The Virtual Bookcase Reviews of 'Windows 95 and NT Networking: A Guide for Professionals':
Reviewer Rob Slade wrote:
The intended audience seems to be everyone. This makes it difficult
both to write the book and to assess it. For a rank beginner the book
should provide some introduction to the areas to be addressed, but
overall it fails to provide the detail at any level necessary to get
networks to run.
Chapter one purports to be an overview of the two operating systems,
but reads more like a sales brochure, failing to look seriously at the
competition or the shortcomings of the products. Network architecture
is discussed in chapter two, but so is a whole range of topics from
cabling to IP (Internet Protocol) addressing, and therefore the
coverage in any area is quite brief. Windows NT is presented in more
detail, but still in promotional mode, in chapter three. Chapter four
does start to get into a useful level of technicality, but this only
serves to point out the surprising fact that the book is based
strictly on NT version 3.5. Therefore the connectivity discussion in
chapter five becomes moot, since most of the setup options have been
significantly changed in the more recent version. The same holds true
for the coverage of Novell NetWare support in chapter six.
The look at Windows 95 is chapter seven is slightly more realistic.
The authors do admit that "Plug and Play" promises more than it
delivers, and that installation of 95 might not be a cakewalk. I
found it odd that the book did not address questions of more concern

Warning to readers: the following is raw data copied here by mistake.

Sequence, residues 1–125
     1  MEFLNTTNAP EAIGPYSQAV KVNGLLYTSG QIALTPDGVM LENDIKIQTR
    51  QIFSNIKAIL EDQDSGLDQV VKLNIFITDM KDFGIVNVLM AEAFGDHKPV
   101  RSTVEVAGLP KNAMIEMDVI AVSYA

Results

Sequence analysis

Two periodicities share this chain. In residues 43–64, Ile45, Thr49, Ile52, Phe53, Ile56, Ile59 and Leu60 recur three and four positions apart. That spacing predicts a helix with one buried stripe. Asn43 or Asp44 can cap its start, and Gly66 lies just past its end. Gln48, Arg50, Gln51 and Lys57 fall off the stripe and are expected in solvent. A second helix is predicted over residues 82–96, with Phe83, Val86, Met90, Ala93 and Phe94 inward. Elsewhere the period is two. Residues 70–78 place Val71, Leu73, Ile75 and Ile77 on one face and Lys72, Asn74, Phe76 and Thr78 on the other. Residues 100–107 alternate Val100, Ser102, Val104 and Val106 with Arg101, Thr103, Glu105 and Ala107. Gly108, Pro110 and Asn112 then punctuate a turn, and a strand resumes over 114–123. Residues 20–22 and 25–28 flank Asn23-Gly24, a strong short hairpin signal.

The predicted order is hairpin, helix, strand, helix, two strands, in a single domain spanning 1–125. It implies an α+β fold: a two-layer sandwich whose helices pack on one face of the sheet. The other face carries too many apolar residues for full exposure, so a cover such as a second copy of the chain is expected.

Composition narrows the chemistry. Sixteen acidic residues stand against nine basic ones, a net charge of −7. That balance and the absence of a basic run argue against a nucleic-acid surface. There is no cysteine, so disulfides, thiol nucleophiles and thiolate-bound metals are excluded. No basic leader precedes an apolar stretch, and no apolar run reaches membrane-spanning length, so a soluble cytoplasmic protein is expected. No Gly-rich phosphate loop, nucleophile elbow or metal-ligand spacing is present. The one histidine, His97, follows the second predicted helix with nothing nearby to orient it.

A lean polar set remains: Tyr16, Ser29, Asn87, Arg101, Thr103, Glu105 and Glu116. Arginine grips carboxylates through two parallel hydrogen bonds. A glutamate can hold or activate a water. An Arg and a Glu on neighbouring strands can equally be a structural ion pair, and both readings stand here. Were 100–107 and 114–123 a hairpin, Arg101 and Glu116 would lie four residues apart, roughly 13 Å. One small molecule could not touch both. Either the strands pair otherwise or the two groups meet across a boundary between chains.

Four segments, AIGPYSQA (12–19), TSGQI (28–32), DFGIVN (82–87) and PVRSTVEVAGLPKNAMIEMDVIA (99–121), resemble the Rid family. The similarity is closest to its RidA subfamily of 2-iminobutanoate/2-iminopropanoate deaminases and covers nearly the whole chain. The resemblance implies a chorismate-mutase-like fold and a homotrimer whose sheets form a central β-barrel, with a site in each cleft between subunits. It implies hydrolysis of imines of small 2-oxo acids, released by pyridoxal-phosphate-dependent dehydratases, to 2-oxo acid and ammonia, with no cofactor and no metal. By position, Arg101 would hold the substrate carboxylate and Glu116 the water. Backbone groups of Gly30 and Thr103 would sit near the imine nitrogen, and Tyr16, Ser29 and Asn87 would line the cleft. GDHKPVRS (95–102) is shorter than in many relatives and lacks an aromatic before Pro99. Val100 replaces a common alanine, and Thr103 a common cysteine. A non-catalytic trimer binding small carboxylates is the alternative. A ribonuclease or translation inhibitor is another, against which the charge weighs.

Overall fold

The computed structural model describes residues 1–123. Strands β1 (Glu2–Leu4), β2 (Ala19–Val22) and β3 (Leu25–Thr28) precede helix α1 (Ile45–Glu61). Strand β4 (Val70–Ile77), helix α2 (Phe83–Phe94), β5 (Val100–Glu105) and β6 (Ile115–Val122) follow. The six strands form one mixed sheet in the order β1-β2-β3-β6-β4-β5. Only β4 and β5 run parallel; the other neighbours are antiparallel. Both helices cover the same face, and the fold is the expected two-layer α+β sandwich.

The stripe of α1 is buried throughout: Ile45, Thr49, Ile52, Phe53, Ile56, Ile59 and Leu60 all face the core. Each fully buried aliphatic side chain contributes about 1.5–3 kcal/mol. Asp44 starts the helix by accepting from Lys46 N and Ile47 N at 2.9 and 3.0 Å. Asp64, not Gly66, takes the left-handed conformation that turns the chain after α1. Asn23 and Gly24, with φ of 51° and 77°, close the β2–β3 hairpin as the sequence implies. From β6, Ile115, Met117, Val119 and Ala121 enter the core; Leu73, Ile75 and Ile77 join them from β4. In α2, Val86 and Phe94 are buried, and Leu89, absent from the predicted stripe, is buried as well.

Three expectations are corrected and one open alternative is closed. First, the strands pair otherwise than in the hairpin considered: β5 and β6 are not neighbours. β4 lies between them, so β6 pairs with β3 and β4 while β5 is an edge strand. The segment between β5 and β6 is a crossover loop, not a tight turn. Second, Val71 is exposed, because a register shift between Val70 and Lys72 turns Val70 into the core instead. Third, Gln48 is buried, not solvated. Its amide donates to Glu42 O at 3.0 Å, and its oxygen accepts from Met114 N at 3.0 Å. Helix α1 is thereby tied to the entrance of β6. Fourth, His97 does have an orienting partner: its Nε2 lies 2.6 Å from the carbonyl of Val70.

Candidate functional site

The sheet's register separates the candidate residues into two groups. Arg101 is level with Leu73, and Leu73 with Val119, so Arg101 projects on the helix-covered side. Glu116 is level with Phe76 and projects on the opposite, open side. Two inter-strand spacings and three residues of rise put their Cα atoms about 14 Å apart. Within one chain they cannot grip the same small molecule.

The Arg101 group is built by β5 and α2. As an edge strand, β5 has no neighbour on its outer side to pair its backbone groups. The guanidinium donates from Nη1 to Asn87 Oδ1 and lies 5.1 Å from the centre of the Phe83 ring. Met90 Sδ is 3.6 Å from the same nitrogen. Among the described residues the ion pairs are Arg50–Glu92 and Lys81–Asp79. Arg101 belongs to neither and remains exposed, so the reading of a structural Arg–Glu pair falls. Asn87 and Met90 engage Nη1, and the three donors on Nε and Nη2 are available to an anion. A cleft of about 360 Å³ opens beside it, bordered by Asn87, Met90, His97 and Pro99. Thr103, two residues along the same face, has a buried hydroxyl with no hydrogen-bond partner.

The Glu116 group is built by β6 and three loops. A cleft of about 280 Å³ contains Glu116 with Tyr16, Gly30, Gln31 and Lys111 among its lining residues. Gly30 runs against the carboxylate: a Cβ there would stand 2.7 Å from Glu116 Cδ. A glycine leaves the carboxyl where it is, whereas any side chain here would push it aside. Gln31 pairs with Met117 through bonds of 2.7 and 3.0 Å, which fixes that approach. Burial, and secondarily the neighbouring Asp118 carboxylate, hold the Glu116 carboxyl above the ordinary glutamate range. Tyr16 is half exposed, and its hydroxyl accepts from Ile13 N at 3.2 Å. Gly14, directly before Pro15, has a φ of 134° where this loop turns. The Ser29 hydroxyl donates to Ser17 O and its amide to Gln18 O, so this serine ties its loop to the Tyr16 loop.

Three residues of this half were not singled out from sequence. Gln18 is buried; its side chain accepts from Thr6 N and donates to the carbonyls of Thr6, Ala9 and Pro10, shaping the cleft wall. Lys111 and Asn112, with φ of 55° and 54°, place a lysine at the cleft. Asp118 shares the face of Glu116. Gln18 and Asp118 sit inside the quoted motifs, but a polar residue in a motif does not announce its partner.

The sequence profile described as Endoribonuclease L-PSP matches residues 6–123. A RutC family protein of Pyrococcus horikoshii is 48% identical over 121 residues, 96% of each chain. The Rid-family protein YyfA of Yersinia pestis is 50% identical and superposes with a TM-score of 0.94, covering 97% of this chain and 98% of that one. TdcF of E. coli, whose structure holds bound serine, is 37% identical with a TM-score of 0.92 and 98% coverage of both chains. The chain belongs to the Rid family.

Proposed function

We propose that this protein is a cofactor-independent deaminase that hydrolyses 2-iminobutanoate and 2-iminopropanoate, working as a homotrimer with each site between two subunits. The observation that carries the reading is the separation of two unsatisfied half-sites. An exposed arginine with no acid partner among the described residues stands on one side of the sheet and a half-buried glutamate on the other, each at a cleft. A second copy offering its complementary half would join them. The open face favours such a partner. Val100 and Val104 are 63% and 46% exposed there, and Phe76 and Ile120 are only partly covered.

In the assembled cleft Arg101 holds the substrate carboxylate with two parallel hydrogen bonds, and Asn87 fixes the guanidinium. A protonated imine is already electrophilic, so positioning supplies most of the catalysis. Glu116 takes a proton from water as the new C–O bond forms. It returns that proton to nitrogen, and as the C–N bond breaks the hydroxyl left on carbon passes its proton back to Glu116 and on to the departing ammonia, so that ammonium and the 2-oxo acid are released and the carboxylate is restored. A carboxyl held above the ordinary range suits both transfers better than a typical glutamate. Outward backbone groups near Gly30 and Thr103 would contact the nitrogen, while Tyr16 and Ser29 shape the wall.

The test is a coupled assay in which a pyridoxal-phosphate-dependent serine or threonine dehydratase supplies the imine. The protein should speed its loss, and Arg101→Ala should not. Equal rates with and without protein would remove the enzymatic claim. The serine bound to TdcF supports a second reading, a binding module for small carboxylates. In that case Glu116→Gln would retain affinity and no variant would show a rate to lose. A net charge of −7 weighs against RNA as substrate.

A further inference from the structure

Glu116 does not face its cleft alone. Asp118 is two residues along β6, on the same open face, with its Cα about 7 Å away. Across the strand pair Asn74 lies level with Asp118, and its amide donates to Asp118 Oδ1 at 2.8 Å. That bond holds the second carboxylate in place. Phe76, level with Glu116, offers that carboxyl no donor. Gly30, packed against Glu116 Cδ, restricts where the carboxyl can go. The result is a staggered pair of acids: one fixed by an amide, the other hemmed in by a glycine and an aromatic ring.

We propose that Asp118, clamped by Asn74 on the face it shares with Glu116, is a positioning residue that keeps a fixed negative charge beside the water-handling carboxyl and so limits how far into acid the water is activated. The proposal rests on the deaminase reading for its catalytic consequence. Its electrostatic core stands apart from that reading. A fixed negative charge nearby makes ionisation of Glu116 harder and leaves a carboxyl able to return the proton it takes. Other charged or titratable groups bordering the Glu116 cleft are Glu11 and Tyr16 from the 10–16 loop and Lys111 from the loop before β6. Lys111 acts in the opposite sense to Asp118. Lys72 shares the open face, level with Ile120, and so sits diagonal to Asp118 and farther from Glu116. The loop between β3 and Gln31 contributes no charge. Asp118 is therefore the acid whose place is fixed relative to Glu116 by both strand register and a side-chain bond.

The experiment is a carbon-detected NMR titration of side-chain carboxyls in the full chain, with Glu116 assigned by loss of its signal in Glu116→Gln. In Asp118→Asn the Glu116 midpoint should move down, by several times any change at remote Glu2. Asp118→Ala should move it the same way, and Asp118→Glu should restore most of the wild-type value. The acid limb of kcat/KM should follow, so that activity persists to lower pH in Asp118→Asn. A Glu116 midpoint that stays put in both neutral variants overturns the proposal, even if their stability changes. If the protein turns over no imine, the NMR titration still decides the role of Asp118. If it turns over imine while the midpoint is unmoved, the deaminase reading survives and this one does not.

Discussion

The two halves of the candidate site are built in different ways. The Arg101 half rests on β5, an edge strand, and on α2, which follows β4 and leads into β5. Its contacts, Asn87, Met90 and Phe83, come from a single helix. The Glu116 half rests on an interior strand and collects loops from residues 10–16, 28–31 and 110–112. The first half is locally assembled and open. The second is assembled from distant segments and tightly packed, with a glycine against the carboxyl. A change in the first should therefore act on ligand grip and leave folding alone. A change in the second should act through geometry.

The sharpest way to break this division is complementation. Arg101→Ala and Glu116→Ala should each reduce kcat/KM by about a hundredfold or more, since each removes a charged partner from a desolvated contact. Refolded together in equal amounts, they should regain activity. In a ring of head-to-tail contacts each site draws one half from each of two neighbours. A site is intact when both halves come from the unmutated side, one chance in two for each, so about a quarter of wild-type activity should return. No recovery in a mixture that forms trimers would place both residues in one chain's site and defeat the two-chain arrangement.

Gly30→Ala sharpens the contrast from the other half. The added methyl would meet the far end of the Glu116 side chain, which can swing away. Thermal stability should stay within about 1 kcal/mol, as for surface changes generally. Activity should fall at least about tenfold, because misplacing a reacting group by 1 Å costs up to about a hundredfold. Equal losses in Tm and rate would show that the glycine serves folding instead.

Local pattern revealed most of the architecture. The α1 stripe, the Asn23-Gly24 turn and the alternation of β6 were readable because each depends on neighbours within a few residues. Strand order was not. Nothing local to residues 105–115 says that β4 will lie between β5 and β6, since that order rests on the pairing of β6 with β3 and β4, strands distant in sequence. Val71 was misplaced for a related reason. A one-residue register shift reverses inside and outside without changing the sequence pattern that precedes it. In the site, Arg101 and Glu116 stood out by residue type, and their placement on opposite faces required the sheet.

to experienced MS-DOS and Windows 3.x users, such as the fact that
MSDOS.SYS has changed from an untouchable binary file to a text file
that the authors recommend modifying. Chapter eight is supposed to
deal with network settings in the Registry, but most of the material
describes other, general areas of configuration. A number of aspects
of Microsoft networking are mentioned in chapter nine, but without a
lot of logic to the organization. The explanation of Windows 95
connectivity to Novell NetWare is much more detailed in chapter ten
than was the case in chapter six, but chapters eleven and twelve seem
to cover the same ground, albeit from slightly different perspectives.
Chapter thirteen looks very briefly at other networks.
The lack of coverage of NT 4.0 would be a major failing were it not
for the fact that the book does not deal with NT at any depth.
Windows 95 gets by far the larger share of the ink, and the work may
be useful for those who are still integrating 95 clients into a
copyright Robert M. Slade, 1998
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